Earlier this month, on the 78th anniversary of the D-Day Landings that drove the Germans out of France and began their defeat in the west, I read Pegasus Bridge by Stephen E Ambrose. I read the book in a day, a rare feat for me. It was gripping, describing how the first action of the D-Day Landings took place just after midnight, in the early hours of June 6.
It was a formidable achievement carried out by British paratroopers to protect two bridges over the Orne in Normandy that, if blown up, would have exposed the landings’ eastern flank.
I had bought the book a few years back when one summer I visited Pegasus Bridge and the café, the first liberated building in France. I had breakfasted there with my youngest son and Phil Ryan, who helped me start The Big Issue. His father had been a paratrooper in the Second World War.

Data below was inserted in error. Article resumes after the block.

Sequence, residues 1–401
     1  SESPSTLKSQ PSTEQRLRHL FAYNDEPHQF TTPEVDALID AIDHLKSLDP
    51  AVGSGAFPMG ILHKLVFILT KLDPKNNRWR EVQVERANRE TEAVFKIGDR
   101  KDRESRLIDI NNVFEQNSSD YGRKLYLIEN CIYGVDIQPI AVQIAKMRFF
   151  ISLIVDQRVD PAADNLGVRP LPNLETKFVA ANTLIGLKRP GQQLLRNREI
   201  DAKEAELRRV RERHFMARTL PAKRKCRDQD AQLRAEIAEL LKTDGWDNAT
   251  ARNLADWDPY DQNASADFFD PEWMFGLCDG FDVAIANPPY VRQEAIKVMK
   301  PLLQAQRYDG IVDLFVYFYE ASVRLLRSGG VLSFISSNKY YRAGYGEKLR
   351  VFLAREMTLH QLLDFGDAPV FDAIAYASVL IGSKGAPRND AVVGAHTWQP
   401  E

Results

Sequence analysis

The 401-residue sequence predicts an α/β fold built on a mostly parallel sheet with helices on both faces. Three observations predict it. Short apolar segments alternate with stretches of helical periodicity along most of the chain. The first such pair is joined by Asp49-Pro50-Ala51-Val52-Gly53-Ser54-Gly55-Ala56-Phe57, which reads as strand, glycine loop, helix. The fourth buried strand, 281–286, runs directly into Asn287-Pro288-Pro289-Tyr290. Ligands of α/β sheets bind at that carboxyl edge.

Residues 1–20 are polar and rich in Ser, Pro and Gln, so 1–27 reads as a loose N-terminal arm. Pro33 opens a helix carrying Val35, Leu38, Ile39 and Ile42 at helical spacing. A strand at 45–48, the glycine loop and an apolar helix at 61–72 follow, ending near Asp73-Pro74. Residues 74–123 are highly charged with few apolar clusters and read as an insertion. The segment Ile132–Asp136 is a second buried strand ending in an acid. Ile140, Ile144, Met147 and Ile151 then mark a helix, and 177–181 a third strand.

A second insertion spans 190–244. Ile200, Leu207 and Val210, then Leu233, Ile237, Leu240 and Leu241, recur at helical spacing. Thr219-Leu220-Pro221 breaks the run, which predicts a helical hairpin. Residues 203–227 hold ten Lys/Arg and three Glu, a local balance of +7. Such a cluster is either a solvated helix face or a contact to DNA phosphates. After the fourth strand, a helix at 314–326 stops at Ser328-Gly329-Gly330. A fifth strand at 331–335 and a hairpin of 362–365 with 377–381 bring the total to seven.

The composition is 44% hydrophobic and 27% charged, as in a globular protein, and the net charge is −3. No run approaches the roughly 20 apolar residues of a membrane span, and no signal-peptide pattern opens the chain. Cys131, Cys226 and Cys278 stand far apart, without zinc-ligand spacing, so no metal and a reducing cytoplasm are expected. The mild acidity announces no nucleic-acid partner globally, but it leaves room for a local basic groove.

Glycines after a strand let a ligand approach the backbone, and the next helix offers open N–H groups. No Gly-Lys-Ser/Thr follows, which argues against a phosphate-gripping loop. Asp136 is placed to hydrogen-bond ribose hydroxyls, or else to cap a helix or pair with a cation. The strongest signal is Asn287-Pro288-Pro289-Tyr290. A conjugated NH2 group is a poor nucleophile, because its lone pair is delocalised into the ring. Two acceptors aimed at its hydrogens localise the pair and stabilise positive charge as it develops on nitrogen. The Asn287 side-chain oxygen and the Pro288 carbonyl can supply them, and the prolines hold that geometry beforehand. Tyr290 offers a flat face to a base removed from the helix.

I had been at Pegasus Bridge for the 50th anniversary of the D-Day Landings, having flown over in a frighteningly small plane from Southampton. It was a stunning experience, but no less moving was my later anniversary visit, again with my son and Phil. And what an extraordinary feeling of joy in the streets around the town of Arromanches, near where the landings took place. Joy at reliving the experience of all those years ago. A friendship with the Normans kindled by memories of the war.
In two years’ time it will be the 80th anniversary, and I wonder, will we be celebrating the biggest event in the Second World War calendar? It is the taking of Pegasus Bridge in the early hours of June 6, 1944 that is considered the finest moment.
How much of our modern world, with its many problems, flows from that war? A war that successfully saw off a belligerent dictatorship but, in the process, created a wide gap between east and west that still lingers in the ether of our everyday politics.